Much of Marcham is attractive and certainly worth visiting, but pedestrians take their life in their hands if they venture along parts of the main road through the village, the busy A415 which links the A420 with the A34. This road is narrow with some sharp bends and there is no pavement! Marcham badly needs a bypass and one was indeed planned but the Government recently decided there were no funds for it, so the village continues to suffer with heavy traffic passing through the village.

Marcham began as a Saxon settlement and the name 'Marcham' is thought to come from 'merece' which was Old English for wild sea celery and which grew here because of nearby salt springs.

An ancient Roman and early Saxon cemetery has been discovered nearby and in the extreme west of modern parish of Marcham a Roman village has been found. This is usually referred to as the Roman town of Frilford as it is just south of that village. It has been extensively surveyed and selectively excavated over the last sixty years, including a visit by Channel 4's Time Team.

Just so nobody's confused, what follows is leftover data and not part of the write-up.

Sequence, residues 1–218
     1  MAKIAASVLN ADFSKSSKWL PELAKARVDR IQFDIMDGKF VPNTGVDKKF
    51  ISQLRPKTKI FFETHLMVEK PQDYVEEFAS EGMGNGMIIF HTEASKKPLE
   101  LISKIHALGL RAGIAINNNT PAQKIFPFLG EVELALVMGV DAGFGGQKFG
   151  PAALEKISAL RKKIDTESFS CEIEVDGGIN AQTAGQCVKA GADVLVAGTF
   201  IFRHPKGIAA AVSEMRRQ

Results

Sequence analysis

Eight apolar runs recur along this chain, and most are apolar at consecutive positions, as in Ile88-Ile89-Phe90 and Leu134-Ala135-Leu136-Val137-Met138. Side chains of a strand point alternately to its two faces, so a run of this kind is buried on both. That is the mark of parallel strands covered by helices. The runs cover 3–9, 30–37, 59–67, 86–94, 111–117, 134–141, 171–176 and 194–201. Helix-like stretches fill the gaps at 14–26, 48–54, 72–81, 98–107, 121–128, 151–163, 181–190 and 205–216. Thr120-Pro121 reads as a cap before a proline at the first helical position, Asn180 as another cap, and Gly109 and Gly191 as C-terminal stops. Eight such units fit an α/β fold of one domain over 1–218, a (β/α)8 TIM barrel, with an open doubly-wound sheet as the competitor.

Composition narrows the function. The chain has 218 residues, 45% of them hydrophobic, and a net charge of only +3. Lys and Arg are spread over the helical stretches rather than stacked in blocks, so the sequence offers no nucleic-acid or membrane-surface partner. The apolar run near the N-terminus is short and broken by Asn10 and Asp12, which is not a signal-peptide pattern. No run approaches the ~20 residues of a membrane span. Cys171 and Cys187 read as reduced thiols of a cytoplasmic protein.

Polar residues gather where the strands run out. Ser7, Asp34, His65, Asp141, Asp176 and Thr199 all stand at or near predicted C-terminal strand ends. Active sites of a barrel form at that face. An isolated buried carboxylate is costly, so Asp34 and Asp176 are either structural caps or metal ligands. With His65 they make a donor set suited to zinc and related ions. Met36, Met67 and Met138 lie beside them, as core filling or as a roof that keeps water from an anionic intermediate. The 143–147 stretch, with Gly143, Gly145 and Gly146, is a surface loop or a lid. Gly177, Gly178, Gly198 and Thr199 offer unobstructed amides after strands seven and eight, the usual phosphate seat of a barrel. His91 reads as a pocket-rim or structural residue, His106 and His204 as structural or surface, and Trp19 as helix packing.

In the 18th century the manor was owned by John Elwes who was Berkshire's first MP and had a reputation as being a miser. His grandaughter, Emily Frances, eloped with a local farmer named Thomas Duffield who also became an MP for Abingdon and eventually the two of them inherited the manor. They built Marcham Park, a large late Georgian house which is set in 17 acres of landscaped gardens. During the second world war the house was used by the RAF and since 1947 it has been used by the National Federation of Women's Institutes for use as a residential training college and is now known as 'Denman College'.

Away from the busy main road can be found All Saint's Church, and at the other side of the village there is a small Baptist Church. For the history and full information about All Saints Church Click here.

Marcham is about 2.5 miles west of the centre of Abingdon on the A415


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Marcham 1
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